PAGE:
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Thursday, January 13, 2011

Autism,Vaccines, and the Wakefield Study: I. Reasons to Reject Wakefield's Report

Early in 2010, there was an excited reaction to the retraction by the British journal Lancet of an article published by Andrew Wakefield and a number of colleagues in 1998. That article had claimed that research evidence supported the hypothesis that vaccination for some childhood diseases played a causal role in the development of autism. Wakefield’s paper has been a major focus of the anti-vaccine movement and has encouraged parents to refuse vaccination of their children-- with some predictable results in terms of disease and even death of children.

Now in the early weeks of 2011, the British Medical Journal has published two articles by Brian Deer, the Times reporter whose investigation has done so much to clarify the errors in Wakefield’s work. The first of these articles, “How the case against the MMR vaccine was fixed”, appeared on Jan. 5. A second piece, “How the vaccine crisis was meant to make money”, was published Jan. 12.

Lancet's retraction of the Wakefield 1998 paper received attention from bloggers, journalists, scientists, and concerned parents, as we might expect. I’ll summarize some of the criticisms, as they are discussed by Brian Deer in the Jan. 5 article and elsewhere.

The majority of the critiques focus on the ethical errors in Wakefield’s work. Indeed, there were ethical errors by the carload. Wakefield failed to disclose his financial interests in vaccine protocols or in a relevant lawsuit where he was acting as a consultant; he procured blood samples from children whom he knew personally, thus making it awkward for the children or their parents to hesitate to consent to the procedure; he ordered unnecessary and intrusive tests for some children. All these ethical errors would be reasons for reprimands, for the withdrawal of job opportunities, for ordering Wakefield to attend an ethical training program. His withholding of financial disclosure would be good reason for a journal to refuse publication, to print a correction if the article was already published, or in some cases to retract the published material.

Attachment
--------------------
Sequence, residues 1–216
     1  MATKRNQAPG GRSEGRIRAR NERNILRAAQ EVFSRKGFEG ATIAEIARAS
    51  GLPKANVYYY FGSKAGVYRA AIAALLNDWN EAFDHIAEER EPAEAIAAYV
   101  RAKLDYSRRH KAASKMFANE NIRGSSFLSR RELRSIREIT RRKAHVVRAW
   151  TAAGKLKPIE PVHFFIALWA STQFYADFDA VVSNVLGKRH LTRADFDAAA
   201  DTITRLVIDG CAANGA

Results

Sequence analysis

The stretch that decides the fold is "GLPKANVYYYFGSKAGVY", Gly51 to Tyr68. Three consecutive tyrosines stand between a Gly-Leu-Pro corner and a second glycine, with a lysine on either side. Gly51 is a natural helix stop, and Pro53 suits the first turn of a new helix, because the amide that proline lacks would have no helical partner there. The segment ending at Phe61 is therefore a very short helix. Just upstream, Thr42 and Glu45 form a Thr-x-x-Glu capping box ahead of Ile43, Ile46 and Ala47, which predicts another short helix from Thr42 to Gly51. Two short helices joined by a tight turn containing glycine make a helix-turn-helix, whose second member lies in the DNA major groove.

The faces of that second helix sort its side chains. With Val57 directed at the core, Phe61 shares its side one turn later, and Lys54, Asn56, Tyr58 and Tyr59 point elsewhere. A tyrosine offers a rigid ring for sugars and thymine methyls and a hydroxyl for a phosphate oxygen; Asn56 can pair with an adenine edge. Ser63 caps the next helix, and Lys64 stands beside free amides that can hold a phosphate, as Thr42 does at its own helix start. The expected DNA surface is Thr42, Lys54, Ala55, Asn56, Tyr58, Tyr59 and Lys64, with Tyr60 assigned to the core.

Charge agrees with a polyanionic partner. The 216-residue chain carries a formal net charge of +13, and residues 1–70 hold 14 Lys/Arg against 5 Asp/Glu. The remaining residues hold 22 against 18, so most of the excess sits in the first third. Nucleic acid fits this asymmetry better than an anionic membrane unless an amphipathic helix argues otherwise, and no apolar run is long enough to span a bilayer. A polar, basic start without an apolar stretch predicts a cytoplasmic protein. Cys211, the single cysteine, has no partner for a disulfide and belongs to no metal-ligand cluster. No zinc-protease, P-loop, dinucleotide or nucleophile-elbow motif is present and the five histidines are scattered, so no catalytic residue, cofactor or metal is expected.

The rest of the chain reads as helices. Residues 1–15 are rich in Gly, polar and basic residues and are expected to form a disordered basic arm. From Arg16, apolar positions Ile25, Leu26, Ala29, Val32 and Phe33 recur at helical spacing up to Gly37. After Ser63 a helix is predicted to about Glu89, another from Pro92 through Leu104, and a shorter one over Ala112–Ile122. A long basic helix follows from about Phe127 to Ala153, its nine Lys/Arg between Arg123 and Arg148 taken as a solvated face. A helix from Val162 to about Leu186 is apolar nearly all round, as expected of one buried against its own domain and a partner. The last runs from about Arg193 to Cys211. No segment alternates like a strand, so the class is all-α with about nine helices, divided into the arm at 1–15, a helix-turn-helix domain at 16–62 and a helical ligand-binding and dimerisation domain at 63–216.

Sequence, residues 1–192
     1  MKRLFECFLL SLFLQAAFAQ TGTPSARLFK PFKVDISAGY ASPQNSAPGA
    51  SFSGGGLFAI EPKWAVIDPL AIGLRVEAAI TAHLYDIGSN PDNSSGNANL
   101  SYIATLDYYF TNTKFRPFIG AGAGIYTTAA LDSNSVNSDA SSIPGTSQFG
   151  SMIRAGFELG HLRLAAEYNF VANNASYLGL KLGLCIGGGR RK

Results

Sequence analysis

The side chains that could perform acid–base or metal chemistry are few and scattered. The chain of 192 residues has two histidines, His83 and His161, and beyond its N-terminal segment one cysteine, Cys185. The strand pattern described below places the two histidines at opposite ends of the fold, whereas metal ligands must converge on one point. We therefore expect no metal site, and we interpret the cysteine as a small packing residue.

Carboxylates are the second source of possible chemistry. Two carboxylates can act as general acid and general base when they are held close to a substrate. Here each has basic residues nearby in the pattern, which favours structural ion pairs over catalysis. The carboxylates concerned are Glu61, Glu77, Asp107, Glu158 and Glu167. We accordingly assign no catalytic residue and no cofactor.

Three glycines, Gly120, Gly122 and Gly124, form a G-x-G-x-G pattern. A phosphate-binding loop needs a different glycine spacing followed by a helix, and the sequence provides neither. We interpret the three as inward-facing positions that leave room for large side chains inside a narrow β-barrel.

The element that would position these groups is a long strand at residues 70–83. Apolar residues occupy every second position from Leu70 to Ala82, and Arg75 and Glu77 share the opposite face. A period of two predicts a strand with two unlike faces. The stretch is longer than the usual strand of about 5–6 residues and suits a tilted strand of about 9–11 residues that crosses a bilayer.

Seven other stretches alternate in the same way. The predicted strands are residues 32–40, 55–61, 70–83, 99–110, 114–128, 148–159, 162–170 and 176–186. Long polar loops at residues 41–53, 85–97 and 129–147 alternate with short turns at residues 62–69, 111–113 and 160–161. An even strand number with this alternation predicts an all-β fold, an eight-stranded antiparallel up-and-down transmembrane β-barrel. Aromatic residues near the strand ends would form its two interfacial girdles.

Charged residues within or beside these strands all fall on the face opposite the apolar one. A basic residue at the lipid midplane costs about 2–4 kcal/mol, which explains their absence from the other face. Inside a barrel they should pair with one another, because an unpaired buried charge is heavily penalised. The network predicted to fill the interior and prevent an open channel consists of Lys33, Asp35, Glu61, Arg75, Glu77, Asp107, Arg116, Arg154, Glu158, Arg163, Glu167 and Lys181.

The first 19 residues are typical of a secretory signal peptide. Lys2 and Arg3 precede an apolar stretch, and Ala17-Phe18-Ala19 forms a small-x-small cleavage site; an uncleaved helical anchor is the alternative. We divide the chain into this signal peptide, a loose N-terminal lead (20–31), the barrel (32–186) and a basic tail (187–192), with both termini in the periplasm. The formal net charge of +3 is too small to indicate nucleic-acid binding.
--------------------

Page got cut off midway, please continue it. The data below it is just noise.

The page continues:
However, repellant as Wakefield’s ethical conduct may be, it is not in itself sufficient to support the decision that an article’s conclusion is wrong. A researcher might fail to document informed consent, might intimidate parents and children to get them to participate, and might secretly be on the salaried staff of a corporation with strong related business interests, but if his or her conduct of research, collection of data, and analysis of data were beyond criticism, the research itself could still be of value. Another researcher might follow all rules about informed consent and financial disclosure, but if he or she failed to do a good job in designing and carrying out a study, the conclusions drawn from that study would be worthless. Ethical errors raise questions about the researcher’s integrity in collecting and handling data, but are not necessarily evidence that the basic work has been done incorrectly. Compliance with ethical rules suggests that the researcher approaches his or her tasks with integrity, but adds no credibility to data or conclusions when it’s clear that these do not follow design guidelines. Journals refuse or retract papers when ethical errors are evident, but this is not because their action assures the publication of good material only; it’s because success or failure in publication are the major carrots and sticks available to enforce compliance with ethical rules.